St. Billie

Reason #1,245 why I love living in New York City: Last night I was in the audience as Billie Joe Armstrong played St. Jimmy in American Idiot, the show he created. A role that he wrote. Music he wrote. He's on for one week only, and I was there. I was there.

It probably isn't a huge deal to most people. Hell, half of my friends don't even like Green Day. And that's fine. They're all crazy people, but I accept that. I, however, grew up listening to Green Day. My first Green Day album purchase was Nimrod, when I was in 7th grade. (Holy shit, that was 10 years ago). I remember being sprawled out on the floor in my room, feeling (or pretending to feel) angsty about something, with "Redundant" on repeat. Green Day shaped my angsty adolescence. Warning was released the same year, and I remain one of the only people who really loves that CD. (Whatever). Shortly following that, I purchased Dookie.

I went to my first Green Day concert (along with Blink 182 and Jimmy Eat World) my freshman year of high school. They remain the best band I've ever seen live. Ever.

In 2004, American Idiot was released. I bought it the first weekend. I still think it's completely brilliant, and it was always one of my most played CDs on my iPod. So this year when it make the big leap to Broadway, I was one of the few "theatre folk" who wasn't completely skeptical and expecting a disaster. I knew how brilliant it already was, knew it was written for this kind of project in mind, and didn't even wait a week to see it. Mike and I saw the 4th preview.

This show is totally polarizing - people hate it or love. They get it or they don't get it. It's most definitely not everyone's cup of tea, and I understand why. I love it. Though would I still love it if I weren't a life-long Green Day fan? Hard to say. I see people's complaints - a very loose narrative is the biggest quip with the show. But looking at shows like Hair, I've never needed a totally structured piece of theatre. It tells it's story in a very different way. To me, everything is clear. It's not the most original story in the world, but it's the way that it's done. It connects to people in very different ways - it brings people back to that time, especially in my age group, even though it wasn't so long ago. Someone posed the question on BroadwayWorld - "were we really that angry?" Well, yeah. We really were. I remember being that angry. Are we still that angry? Not in the same ways. Is it still relevant? Absolutely - especially for the people it's talking to. In the same ways that Hair is more relevant than ever. Totally different time periods, same passion and same sentiment.

Anyway, I really love the show. That's the point of that.

So Billie Joe Armstrong stepped into the role of St. Jimmy for one week, and I was there. I burst into tears the minute he entered the stage. And, okay, let me explain this - people have different reactions to different emotions. But for me, I tend to have one gut reaction for every single emotion - sadness, happiness, excitement, anger, fear, anticipation, pride, disappointment, etc., etc. - I cry. When any of these emotions gets big enough and overwhelming enough, I just cry. That's just the way I am. I don't sob or go into hysterics, but I can't help it. My eyes well up. And this was definitely a big and overwhelming moment. I haven't seen him live since 2002. Big stuff.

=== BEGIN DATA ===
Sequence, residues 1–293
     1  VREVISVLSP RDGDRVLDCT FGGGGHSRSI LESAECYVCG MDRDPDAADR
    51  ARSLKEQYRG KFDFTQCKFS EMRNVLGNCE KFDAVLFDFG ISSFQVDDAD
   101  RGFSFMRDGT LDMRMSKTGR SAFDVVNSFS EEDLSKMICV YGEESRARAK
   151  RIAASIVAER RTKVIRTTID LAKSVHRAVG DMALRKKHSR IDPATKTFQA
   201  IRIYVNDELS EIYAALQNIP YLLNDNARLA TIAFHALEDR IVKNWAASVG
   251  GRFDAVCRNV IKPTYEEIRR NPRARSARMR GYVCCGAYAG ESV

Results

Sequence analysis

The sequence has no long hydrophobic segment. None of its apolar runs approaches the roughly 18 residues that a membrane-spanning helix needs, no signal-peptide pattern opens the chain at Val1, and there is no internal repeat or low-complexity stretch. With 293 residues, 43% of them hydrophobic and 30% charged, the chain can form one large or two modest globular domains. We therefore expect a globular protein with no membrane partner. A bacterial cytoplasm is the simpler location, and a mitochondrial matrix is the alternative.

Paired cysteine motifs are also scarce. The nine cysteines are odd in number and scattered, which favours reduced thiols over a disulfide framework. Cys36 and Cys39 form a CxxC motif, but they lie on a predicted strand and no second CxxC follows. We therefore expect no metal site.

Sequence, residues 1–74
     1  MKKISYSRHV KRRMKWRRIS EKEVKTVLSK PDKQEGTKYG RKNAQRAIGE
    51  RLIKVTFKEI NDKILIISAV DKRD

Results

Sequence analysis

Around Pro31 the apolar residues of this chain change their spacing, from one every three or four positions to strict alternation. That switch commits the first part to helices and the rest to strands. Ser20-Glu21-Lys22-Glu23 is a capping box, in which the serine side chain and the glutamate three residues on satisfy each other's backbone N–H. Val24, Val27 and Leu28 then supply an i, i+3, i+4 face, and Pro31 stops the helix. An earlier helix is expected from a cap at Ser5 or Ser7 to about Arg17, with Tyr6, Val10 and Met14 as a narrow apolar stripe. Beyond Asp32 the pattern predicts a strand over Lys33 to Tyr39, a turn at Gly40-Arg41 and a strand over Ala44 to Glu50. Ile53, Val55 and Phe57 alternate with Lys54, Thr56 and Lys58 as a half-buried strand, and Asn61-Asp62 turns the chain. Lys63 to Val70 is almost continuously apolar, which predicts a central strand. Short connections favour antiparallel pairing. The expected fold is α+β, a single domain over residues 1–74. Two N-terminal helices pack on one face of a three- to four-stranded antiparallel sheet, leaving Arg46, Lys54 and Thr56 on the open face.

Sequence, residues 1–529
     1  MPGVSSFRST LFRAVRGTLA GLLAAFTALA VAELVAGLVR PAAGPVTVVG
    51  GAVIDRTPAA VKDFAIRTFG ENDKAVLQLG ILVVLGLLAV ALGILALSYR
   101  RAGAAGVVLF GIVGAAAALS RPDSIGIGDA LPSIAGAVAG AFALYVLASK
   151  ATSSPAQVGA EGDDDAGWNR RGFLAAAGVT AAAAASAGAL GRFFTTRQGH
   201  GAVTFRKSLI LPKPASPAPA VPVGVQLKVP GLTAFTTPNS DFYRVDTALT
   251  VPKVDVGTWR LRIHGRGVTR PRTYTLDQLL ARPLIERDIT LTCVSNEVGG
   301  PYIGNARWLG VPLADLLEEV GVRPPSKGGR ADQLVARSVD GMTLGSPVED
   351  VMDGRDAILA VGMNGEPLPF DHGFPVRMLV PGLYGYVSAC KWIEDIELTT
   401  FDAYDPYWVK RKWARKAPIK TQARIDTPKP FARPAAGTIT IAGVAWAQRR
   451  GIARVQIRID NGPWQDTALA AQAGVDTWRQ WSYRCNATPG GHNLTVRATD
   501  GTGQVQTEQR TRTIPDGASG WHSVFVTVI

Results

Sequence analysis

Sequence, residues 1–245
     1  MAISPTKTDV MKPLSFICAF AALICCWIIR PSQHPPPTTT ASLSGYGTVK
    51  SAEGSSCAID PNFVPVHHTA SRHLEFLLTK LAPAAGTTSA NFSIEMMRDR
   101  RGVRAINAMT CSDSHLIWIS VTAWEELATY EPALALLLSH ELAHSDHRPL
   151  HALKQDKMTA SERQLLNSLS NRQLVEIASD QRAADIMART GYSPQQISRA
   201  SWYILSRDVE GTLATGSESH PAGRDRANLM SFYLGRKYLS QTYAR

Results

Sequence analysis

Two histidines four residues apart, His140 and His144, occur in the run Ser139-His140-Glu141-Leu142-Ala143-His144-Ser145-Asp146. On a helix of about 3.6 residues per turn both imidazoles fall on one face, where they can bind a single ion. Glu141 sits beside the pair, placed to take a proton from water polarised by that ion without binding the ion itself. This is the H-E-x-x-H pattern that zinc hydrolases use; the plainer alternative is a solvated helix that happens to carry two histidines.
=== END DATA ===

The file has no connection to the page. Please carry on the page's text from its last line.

But what he good? Yeah, he really really was. He energized the show in a completely new way. It wasn't a question of him being able to sing it - obviously he can. He wrote the damn music and still performs it all over the world. (And, btw, how does his voice still sound the same? And moreover, how does he still look 15? My theory: highlander). I was really surprised that he really came out as an actor. I'm not saying he's going to be playing Hamlet any time soon, but he wasn't just doing this for publicity or for shits and giggles. He really invested himself in it. And that's impressive. This guy tours with Green Day and plays in stadiums full of thousands and thousands of people. And this week he's in front of a (comparatively) small house and really putting his entire self into it. (Or is really good at faking it). His take on St. Jimmy was pretty different from Tony Vincent's. He was goofier, while still being menacing. He found a lot more laughs, in places I hadn't expected them. During his last exit, he sat up and smiled at the audience, waving himself off. He's clearly having a good time. Maybe even... the time... of his... LIFE?! Couldn't resist. But that's a nice transition...

And then there was, of course, the curtain call finale. And this is where I cried like a little schoolgirl. The minute he started playing Good Riddance, that was it. This song is nostalgic for anyone in my generation. It was really special to see him sing it live again, especially with the rest of the cast. Two worlds, and two of my favorite things, came together - musical theatre and Green Day. Did they get this idea from my subconscious or what?!

Didn't I say this was going to be a good fall?

Next this week: Jake Gyllenhaal Saturday night, Steve Carell Sunday morning. Hopefully Aaron Sorkin tomorrow night. (CAN YOU IMAGINE?!)

And, btw, my favorite TwitPic ever posted ever:
@GreenDay: Your favorite musical sucks. American Idiot rules! Fuck me hard! XXxxxxxxxxX st Jimmy"

*K


1 comments:

    Woo Green Day! /Jealous. I've always thought that my adolescence could easily be summed up in Green Day songs, but you said it best...There's probably a good percentage of our generation who feels that way.

     

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